This month we pay a special tribute to the railroads of Great Britain. Just as Britain influenced colonial America, they too influenced the development of railroad transportation in the US.
England holds claim to the earliest experiments with railroads and practical application of steam locomotives. In 1802, Richard Trevithick designed and built the first (unnamed) steam locomotive to run on smooth rails. The first commercially successful steam locomotive was Salamanca, built in 1812 by John Blenkinsop and Matthew Murray for the 4 ft (1,219 mm) gauge Middleton Railway. Salamanca was a rack and pinion locomotive, with cog wheels driven by two cylinders embedded into the top of the center-flue boiler.
In 1813, William Hedley and Timothy Hackworth designed a locomotive (Puffing Billy) for use on the tramway between Stockton and Darlington. Puffing Billy featured piston rods extending upwards to pivoting beams, connected in turn by rods to a crankshaft beneath the frames which, in turn, drove the gears attached to the wheels. This meant that the wheels were coupled, allowing better traction. A year later, George Stephenson improved on that design with his first locomotive which was the first locomotive to use single-flanged wheels.
That design persuaded the backers of the proposed Stockton and Darlington Railway to appoint Stephenson as Engineer for the line in 1821. While traffic was originally intended to be horse-drawn, Stephenson carried out a fresh survey of the route to allow steam haulage. The Act was subsequently amended to allow the usage of steam locomotives and also to allow passengers to be carried on the railway. The 25-mile (40 km) long route opened on 27 September 1825 and, with the aid of Stephenson’s Locomotion No. 1, was the first locomotive-hauled public railway in the world.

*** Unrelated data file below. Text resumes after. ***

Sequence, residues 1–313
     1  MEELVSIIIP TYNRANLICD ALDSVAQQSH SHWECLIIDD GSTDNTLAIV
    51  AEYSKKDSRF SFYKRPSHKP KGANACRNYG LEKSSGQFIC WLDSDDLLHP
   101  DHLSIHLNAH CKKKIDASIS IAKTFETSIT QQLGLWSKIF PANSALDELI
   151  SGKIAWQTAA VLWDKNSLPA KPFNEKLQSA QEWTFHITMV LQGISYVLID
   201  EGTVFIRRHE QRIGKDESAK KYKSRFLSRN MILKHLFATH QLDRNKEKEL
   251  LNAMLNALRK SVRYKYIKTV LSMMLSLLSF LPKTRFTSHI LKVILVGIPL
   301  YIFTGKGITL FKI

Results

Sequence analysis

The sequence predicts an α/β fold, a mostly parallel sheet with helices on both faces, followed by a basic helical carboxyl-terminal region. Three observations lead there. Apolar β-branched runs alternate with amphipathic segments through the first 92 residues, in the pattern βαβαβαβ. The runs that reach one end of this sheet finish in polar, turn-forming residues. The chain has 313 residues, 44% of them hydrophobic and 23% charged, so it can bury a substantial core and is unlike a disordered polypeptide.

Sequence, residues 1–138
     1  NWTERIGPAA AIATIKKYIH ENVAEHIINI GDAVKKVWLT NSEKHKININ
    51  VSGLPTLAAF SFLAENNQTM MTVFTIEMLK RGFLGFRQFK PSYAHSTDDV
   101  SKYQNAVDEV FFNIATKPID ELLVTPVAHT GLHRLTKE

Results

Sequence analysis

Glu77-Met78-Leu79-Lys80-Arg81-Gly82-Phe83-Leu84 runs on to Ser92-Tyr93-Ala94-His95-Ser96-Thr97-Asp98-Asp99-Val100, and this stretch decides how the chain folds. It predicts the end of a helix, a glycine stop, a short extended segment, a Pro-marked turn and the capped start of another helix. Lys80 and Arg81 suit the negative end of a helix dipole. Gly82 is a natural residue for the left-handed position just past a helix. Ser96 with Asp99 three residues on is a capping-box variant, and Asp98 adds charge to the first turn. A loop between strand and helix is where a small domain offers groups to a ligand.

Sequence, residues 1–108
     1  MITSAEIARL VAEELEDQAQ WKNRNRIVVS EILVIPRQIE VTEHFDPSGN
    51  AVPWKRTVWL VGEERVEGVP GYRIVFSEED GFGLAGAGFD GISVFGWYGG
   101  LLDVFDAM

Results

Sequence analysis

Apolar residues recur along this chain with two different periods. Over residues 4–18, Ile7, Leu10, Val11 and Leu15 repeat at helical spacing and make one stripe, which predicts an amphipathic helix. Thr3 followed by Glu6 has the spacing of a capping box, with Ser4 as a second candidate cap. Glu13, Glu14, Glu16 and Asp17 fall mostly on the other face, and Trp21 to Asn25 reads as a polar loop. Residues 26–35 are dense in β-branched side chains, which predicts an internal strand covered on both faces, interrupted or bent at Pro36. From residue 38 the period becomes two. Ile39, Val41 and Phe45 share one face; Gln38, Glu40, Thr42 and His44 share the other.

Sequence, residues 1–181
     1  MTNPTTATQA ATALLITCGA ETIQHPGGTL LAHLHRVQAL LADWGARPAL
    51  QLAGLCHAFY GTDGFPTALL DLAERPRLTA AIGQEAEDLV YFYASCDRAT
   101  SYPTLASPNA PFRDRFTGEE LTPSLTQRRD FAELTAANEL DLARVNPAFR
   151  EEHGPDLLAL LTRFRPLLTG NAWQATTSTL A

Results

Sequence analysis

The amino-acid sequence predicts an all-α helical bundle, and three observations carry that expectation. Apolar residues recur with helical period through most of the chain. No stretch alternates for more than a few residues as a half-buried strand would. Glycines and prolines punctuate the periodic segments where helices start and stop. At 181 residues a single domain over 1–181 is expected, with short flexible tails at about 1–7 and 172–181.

In 1830 the Liverpool and Manchester Railway opened. This set the pattern for modern railways. It was the world’s first inter-city passenger railway and the first to have ‘scheduled’ services, terminal stations and services as we know them today. The railways carried freight and passengers with also the world’s first goods terminal station at the Park Lane railway goods station at Liverpool’s south docks, accessed by the 1.26-mile Wapping Tunnel. In 1836, at the Liverpool end the line was extended to Lime Street station in Liverpool’s city center via a 1.1 mile long tunnel.
That railroad development was noted in the US and America’s First Railroad, the Baltimore & Ohio was chartered in 1827. B&O elected to scratch build its steam locomotive fleet however two pioneer US railroads the Baltimore & Susquehanna (1828) and the Camden & Amboy (1831) turned to Great Britain for their first steam locomotives named Herald and John Bull respectively. (Both the B&S and C&A became part of the giant Pennsylvania Railroad)
The railway companies ceased to be profitable after the mid-1870s. Nationalization of the railways was first proposed by William Ewart Gladstone as early as the 1840s, and calls for nationalization continued throughout that century. The entire network was brought under government control during the First World War, and a number of advantages of amalgamation and planning were revealed. However, the Conservative members of the wartime coalition government resisted calls for the formal nationalization of the railways in 1921.